I actually wrote a good portion of "By Love and Grace" before I wrote “Now and Forever,” then out of the blue (another term for inspiration) I came up with the idea of having Sean O’Hara live with Michael and Emily so their lives could be integrated, and one story would lead into another. It worked out well in the long run with the way Sean kept showing up in the Hamilton Family Saga.
When the storyline first came to me, it was evident that having a
heroine become the victim of a rape was a tumultuous and poignant conflict.
Having it occur soon after meeting the hero brought up all kinds of irony and
dilemma. With the story idea in place, I began researching this very sensitive
topic, and pondering my own feelings on the matter. Having the hero a
psychologist in training seemed another great irony, one that I can’t take
credit for. (Inspiration again.) It felt completely right and natural that Tara
would give this baby to someone else, which was a great opportunity to talk
about the beautiful principle of adoption. Over the years, this book has been
passed into many, many hands as they’ve dealt with rape, unwanted pregnancy,
and/or adoption. It’s gratifying for me to see that it’s helped many people deal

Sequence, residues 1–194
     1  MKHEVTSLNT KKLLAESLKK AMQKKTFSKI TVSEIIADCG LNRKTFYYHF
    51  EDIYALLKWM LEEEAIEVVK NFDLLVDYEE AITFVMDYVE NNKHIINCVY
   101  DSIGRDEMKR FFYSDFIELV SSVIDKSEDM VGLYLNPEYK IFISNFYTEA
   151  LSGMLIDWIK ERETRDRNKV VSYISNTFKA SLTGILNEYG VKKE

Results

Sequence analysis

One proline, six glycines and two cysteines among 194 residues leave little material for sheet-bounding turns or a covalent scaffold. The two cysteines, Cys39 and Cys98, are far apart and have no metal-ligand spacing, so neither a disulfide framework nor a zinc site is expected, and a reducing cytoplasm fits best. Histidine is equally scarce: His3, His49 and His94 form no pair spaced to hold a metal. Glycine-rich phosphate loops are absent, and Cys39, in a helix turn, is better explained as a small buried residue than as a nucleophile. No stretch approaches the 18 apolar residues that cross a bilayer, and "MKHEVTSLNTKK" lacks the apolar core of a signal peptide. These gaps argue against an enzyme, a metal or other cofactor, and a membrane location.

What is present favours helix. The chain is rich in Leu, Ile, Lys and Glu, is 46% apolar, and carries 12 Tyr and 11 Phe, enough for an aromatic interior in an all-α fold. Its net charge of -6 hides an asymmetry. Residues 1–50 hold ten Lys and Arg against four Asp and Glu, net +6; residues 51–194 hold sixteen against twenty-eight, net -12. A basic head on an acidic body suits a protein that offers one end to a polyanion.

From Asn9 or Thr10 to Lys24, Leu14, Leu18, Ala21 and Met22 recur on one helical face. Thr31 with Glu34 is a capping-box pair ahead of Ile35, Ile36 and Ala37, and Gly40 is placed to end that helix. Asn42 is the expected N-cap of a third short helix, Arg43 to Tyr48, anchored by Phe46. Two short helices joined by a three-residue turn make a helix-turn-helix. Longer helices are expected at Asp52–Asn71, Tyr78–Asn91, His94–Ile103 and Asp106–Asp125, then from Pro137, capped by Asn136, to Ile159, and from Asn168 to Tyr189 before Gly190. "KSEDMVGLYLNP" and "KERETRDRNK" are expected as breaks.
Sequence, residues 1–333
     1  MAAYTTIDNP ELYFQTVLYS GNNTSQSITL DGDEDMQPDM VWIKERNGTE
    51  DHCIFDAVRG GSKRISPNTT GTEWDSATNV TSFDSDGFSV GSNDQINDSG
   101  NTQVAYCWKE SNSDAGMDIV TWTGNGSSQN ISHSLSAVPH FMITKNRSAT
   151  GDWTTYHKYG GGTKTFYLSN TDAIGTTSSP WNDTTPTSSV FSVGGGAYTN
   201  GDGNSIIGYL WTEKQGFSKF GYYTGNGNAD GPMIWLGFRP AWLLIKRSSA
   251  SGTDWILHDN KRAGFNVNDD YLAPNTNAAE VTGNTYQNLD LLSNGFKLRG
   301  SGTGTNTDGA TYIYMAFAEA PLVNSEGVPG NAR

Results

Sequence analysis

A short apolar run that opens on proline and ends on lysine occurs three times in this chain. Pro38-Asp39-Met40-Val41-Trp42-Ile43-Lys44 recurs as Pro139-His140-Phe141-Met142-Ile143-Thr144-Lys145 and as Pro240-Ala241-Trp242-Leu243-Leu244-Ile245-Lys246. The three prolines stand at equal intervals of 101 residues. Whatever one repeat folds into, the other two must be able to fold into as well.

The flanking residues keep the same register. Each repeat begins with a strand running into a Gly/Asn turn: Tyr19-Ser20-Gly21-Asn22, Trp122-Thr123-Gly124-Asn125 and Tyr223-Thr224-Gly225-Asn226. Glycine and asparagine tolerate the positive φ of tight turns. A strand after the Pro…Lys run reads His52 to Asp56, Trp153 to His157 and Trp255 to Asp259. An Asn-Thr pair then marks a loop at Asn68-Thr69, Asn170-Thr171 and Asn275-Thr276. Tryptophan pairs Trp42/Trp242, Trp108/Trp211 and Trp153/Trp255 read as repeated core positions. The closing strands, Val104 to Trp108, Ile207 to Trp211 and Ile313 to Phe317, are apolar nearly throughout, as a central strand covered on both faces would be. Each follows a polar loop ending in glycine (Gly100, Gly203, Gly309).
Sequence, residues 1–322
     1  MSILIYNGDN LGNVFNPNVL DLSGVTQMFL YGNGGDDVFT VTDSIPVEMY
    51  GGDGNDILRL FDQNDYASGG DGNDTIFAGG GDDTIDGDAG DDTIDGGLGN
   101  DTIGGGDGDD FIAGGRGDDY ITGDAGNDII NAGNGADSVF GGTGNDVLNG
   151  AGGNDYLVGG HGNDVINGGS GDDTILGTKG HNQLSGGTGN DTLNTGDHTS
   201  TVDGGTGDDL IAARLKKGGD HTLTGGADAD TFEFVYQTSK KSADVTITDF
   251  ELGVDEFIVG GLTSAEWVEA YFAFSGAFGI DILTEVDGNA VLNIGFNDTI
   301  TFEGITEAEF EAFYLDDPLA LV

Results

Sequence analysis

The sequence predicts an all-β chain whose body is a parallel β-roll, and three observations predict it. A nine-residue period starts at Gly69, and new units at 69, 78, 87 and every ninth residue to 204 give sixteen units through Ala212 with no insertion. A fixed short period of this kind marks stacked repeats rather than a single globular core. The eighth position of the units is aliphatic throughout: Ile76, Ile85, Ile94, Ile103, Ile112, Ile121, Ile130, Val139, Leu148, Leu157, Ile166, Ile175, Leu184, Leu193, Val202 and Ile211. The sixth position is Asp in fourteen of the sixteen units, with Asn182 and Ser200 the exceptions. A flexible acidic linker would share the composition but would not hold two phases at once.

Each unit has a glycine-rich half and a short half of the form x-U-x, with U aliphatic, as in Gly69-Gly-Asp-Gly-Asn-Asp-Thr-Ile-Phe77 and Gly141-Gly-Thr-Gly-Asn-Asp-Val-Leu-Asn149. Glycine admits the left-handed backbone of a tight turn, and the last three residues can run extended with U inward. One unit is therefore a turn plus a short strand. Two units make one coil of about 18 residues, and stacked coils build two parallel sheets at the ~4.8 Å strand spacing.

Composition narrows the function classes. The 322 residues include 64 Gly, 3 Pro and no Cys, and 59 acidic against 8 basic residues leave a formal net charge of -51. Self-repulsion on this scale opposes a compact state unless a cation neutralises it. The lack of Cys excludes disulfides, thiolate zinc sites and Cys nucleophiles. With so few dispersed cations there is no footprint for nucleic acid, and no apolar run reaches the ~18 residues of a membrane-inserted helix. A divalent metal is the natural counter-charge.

with real-life problems, even though for me it all stemmed from simply wanting
to write a great story.
A year or so after this book was published, I met
a man who became my own personal Sean O’Hara. He’s a remarkable psychologist who
rose above his own challenging upbringing. Since that time we’ve become good
friends and his insights have helped me a great deal in my own life as well as
in my work. I take pride in being one of the people in his life that finally
convinced him to write a book. (Because he’s so smart and has such great ideas.)
It’s called “Everyday Parents Raising Great Kids,” by James D. MacArthur.
Whether you’re raising kids or not, you should read this book!
barely finished this manuscript when I realized that I’d spoken to people who
had been on both sides of adoption, but I hadn’t actually talked to a rape
victim, and perhaps I should in order to be certain I’d gotten it right. I went
to a book signing (during a BYU game; not smart) and not one customer came in .
. . except for a young lady who had been raped and was pregnant, and working
toward adoption. We talked and bonded. She read the manuscript and assured me
that I had it right. (Must be inspiration.) This is one of many experiences that
has let me know I’m being guided and directed in my work, which makes me very
grateful, and humbled by the privilege.